The Computer History Museum (CHM) today kicked off its Net@40 lecture series to commemorate the 40th anniversary of the computer networking revolution that led to the Internet. The inaugural Net@40 talk, of the year-long program, is “Hackers and Phishers and Carders, Oh My!” tonight at 7 p.m., a panel on the past and future of cyber-crime. All events are free and open to the public.
“What began as a radical and difficult idea 40 years ago—making computers connect and communicate over a network—has today transformed our world,” said John C. Hollar, President and Chief Executive Officer of CHM. “The results are well known, and with this series of programs we aim to give the stories and the people an equally high profile. The ambition is only fitting—it’s one of the most profound developments of the Information Age.”
Net@40: Hackers and Phishers and Carders, Oh My! (April 21 at 7 p.m.)
Stalking, scams, theft, underhanded business tactics, vandalism and the like have existed for millennia, and have found ways to exploit emerging technologies from check writing to the telegraph. The Internet age is no exception. The panel will examine the kinds of threats out there, how they've evolved, and what the future may hold. Panelists include:
Moderator: Kevin Poulsen, Senior Editor, WIRED
Net@40: Visionary Pioneer Bob Taylor in Conversation with NPR's Guy Raz (May 13 at 7 p.m.)
Bob Taylor and Guy Raz, weekend host of NPR’s Weekend All Things Considered, will share a stage to discuss the process of fostering innovation and share stories of how radical ideas evolve. Taylor’s interests – and his genius for getting them funded – helped develop computer networking, the personal computer, and many of the other technologies that drove the global computer revolution. "A world without Bob Taylor would very likely be a world without the Internet as we know it today. In just a blip of earth's history – 40 short years – computer-to-computer communication has become indispensable and unimaginable,” said Raz. “On the weekend version of NPR’s All Things Considered we've been marking the milestone of its development with our series "The Net at 40." We've had the great privilege of working with the Computer History Museum and its talented staff to produce on-air and on-line conversations and stories about how far we've come since that night in October 1969 when two young programmers sent a message over Bob Taylor's ARPANET. I'm delighted that Bob has agreed to share his story at the Museum."
Net@40: The Facebook Effect author David Kirkpatrick and Facebook’s CEO, Mark Zuckerberg, in conversation with NPR’s Guy Raz (July 21, 7 p.m.)
Facebook founder and CEO Mark Zuckberg will take a seat alongside David Kirkpatrick, longtime Internet and tech editor for Fortune Magazine and author of the upcoming book, The Facebook Effect: The Inside Story of the Company That Is Connecting the World (June 2010) for a conversation with NPR’s Guy Raz. The book is published by Simon & Schuster.
Net@40: Dr. Genevieve Bell, Intel Fellow with NPR's Laura Sydell on the Internet and its Cultural Impact (Aug. 19 at 7 p.m.)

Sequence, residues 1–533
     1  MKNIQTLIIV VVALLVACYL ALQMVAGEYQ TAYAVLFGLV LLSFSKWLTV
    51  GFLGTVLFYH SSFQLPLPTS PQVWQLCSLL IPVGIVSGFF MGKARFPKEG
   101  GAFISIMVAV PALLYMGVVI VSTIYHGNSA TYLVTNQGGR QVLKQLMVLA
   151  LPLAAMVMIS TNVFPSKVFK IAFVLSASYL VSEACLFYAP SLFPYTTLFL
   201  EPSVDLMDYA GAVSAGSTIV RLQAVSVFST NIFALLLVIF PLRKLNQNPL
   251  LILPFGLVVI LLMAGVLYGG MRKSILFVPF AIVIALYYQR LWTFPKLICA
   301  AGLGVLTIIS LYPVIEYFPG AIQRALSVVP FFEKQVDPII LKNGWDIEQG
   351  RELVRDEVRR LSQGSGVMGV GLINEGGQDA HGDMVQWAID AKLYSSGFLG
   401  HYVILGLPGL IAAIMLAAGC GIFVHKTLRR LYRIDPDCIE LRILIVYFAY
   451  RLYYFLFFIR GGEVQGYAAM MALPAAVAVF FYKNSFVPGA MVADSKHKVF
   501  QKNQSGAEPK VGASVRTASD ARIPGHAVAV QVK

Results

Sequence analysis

Genevieve Bell is an Intel Fellow and director of the User Experience Group within the Intel Digital Home Group at Intel Corporation. Bell joined Intel in 1998 as a researcher in Corporate Technology Group's People and Practices Research team - Intel's first social science oriented research team. She helped drive the company's first non-U.S. field studies to inform business group strategy and products and conducted groundbreaking work in urban Asia in the early 2000s.
Laura Sydell, NPR Correspondent, reports on the ways in which technology is changing culture. She tells the stories of everyone from high-profile CEOs, to small inventors, to help illustrate how technology is changing the way people create and live.
More details and additional panelists to be announced.
Major funding for the Net@40 series is provided by Intel Corporation. Additional funding is provided by Symantec Corporation. All events are free of charge and will be held at the Computer History Museum in Mountain View.
For more event information and updates from the Computer History Museum, become a fan on Facebook and follow @computerhistory on Twitter.
To learn about the events 40 years ago that kicked off our connected world, click on “October 29, 1969” at www.computerhistory.org.
CHM’s Internet History Program is the first at a major institution dedicated to recording the history of today’s networking revolution, including the Web and the Internet.
The Computer History Museum (CHM) in Mountain View, Calif. is a nonprofit organization with a four-decade history. The Museum is dedicated to the preservation and celebration of computer history, and is home to the largest international collection of computing artifacts in the world, encompassing computer hardware, software, documentation, ephemera, photographs and moving images.
CHM brings computer history to life through an acclaimed speaker series, dynamic website, onsite tours, as well as physical and online exhibits. Current exhibits include, Charles Babbage's Difference Engine No. 2, Mastering the Game: A History of Computer Chess, and Innovation in the Valley—A Look at Silicon Valley Startups. The online exhibit, featuring the Timeline of Computer History and over 600 key objects from Visible Storage, is found at: www.computerhistory.org.
Revolution: The First 2000 Years of Computing will open physically and online in January 2011. It will include the first permanent exhibit chronicling the origins of the Web and the Internet.
For more information, visit www.computerhistory.org or call (650) 810-1059.